Were the shopkeepers and farmers who took up arms at Lexington and Concord to fire “the shot heard ’round the world” out to turn their society upside down, they way the French peasantry would attempt a decade or so later? No, in fact the opposite. They were endeavoring to keep what they already had. They fired upon troops sent by a king and his minions who had forgotten that despite being “colonials” they were Englishmen first and foremost, with all the rights and privileges thereunto belonging. (As an aside, this is why Paul Revere never rode through towns yelling “The British are coming! The British are coming!” His hearers all considered themselves British.)

The Declaration of Independence asserted that the bonds with the mother country are severed, but it goes on to extensively list all that this king had done that had already severed those bonds. How old were these bonds? They go back at least to Alfred the Great (the only British monarch to be called that) who set up a shire and borough system, so that his people could rise up and support him and one another. They go though the Magna Carta of 1215, to the common bowmen who stood beside their King Henry V at Agincourt as his “band of brothers,” whilst “Gentlemen in England” were “abed.”

Beyond the common history shared with all English speaking peoples, Americans had, for the most part, come here to seek and expansion of their liberty and their opportunity. New Englanders had governed themselves through town meetings ever since the Mayflower Compact was signed 150 years before those shots rang out. Unlike his counterpart in the mother country, the average Massachusetts militiaman owned land and was quite literate. In most houses, there were at least two books – the King James Bible and Blackstone’s Commentaries on the Laws of England. For better or worse there were plenty of lawyers amongst them, and as Burke warned Parliament, most of the rest were at least “smatterers in law” who “could “auger misgovernment at a distance; and snuff the approach of tyranny in every tainted breeze.”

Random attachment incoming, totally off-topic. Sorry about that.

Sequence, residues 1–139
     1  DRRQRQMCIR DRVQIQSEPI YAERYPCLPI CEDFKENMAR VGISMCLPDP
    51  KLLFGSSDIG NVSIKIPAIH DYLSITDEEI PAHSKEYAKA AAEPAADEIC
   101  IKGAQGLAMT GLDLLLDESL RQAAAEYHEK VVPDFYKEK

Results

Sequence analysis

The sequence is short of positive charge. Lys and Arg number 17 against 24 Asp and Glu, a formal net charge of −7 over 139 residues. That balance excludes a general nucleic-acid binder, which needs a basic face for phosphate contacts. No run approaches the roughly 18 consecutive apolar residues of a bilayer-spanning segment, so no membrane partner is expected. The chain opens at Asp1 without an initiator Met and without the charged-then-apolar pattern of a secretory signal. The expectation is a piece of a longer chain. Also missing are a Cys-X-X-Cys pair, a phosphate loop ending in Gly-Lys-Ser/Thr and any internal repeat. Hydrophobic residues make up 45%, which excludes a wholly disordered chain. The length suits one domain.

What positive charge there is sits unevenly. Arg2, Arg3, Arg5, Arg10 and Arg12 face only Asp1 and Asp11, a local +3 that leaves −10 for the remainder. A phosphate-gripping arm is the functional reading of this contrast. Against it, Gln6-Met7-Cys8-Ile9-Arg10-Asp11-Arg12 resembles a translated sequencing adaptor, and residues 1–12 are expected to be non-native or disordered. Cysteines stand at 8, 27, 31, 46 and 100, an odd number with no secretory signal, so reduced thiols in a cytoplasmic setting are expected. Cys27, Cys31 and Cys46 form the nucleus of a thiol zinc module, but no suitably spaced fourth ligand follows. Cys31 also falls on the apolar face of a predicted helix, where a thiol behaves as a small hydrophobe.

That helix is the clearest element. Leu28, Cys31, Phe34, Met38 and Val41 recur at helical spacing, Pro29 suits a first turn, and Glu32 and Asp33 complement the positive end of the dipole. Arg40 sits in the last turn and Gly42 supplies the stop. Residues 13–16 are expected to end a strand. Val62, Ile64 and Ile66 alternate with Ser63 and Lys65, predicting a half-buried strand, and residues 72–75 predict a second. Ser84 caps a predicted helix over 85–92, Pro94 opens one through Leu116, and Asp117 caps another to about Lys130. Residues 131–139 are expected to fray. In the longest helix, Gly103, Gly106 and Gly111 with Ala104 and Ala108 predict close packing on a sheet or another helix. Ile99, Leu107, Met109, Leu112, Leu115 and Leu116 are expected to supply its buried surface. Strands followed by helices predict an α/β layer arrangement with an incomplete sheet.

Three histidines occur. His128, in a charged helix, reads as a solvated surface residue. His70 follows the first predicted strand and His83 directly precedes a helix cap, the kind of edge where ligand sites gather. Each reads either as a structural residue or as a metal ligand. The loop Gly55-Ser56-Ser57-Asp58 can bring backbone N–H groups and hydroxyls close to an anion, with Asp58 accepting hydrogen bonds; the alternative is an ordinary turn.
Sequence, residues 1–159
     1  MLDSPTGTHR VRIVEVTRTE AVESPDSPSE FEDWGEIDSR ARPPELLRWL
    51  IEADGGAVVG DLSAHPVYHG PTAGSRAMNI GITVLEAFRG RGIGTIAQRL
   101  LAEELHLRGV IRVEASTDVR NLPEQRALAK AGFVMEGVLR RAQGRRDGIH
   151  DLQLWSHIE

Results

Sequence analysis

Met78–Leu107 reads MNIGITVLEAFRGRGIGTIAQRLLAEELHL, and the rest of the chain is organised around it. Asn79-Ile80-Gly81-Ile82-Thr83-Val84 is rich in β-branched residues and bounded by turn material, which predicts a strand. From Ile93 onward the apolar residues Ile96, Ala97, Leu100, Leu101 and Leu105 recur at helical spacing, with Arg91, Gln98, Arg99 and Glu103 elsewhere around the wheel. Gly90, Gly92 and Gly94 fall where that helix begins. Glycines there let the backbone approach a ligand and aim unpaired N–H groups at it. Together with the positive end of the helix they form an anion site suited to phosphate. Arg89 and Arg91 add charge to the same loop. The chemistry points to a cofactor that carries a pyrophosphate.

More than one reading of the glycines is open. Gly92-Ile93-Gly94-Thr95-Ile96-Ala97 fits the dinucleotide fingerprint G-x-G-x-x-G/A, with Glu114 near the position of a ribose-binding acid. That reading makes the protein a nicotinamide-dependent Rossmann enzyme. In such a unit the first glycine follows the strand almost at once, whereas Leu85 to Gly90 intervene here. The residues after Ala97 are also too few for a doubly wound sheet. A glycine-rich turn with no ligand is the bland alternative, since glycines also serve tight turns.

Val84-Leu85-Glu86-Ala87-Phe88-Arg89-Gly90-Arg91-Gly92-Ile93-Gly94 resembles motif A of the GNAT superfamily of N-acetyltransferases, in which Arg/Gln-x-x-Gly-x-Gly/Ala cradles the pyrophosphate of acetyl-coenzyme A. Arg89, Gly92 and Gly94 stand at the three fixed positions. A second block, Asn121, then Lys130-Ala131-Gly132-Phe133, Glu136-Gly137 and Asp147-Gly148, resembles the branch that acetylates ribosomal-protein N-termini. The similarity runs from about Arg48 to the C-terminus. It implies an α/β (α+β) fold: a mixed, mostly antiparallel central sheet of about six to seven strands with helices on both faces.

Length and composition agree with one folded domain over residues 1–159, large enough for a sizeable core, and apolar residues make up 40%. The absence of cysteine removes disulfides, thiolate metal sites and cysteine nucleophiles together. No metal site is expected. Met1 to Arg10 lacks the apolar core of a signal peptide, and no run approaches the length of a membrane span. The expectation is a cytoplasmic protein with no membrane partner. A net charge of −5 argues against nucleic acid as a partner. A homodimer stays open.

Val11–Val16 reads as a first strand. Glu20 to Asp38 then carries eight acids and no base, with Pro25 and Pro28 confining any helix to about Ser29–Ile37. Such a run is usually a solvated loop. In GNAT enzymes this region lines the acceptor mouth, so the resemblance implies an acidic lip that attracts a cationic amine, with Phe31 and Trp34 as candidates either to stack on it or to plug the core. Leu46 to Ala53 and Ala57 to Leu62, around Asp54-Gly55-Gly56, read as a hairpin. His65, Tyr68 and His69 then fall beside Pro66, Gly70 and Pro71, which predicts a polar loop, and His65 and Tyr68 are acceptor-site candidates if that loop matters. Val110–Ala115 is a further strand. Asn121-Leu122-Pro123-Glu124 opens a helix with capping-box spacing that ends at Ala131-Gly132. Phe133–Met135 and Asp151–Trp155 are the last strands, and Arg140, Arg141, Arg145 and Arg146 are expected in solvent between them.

So when after a long series of usurpations over many years the crown closed the Port of Boston, revoked the charter under which they had ruled themselves, sent an army once again to live amongst them, and sought to confiscate their arms and arrest their leaders, the various militias turned out. These local militia organizations were themselves as old as the Mayflower Compact, Myles Standish having trained the first of them.

After having won their independence after many years of blood, toil and lost wealth, the founders had to form a new government. In doing so, they understood the nature of human frailty and the limits of understanding. Therefore political power must be limited and separated, and must be answerable to the people, who retain all the rights and power not granted. For even the wisest and just among us cannot be allowed to rule by decree alone. Power corrupts like salt on iron, and even if a leader could be completely omniscient at any given moment, the skill would be useless, since the moment keeps changing.

Contrast all this with the French Revolution, born of Rousseau’s tabula rasa and “positive liberty.” As I’ve written before, the French peasant was desperate, starving and mostly illiterate. He sought not to preserve what he had, for he had nothing. He intended to take from those who have. His ever-changing leaders were masters of manipulation and recognized no moral, religious, legal or customary boundaries. All must be swept away, even the calendar. Mankind is to be made anew, not in the image of God, but in the image of whomever can hold the reigns of power before being eaten by his own. All of the evil “isms” of the 20th century – Marxism, fascism, Nazism and communism are the bastard children of this pernicious and twisted ideology.

Let us end by returning to our Yankee militiaman. I am fond of quoting one of them who lived to a very ripe old age. When asked decades later why he turned out on that long ago April morning, this was his reply: “Young man,” he said, “what we meant in going for those redcoats was this: We had always governed ourselves and we always meant to. They didn’t mean that we should.”


Photo by The U.S. National Archives

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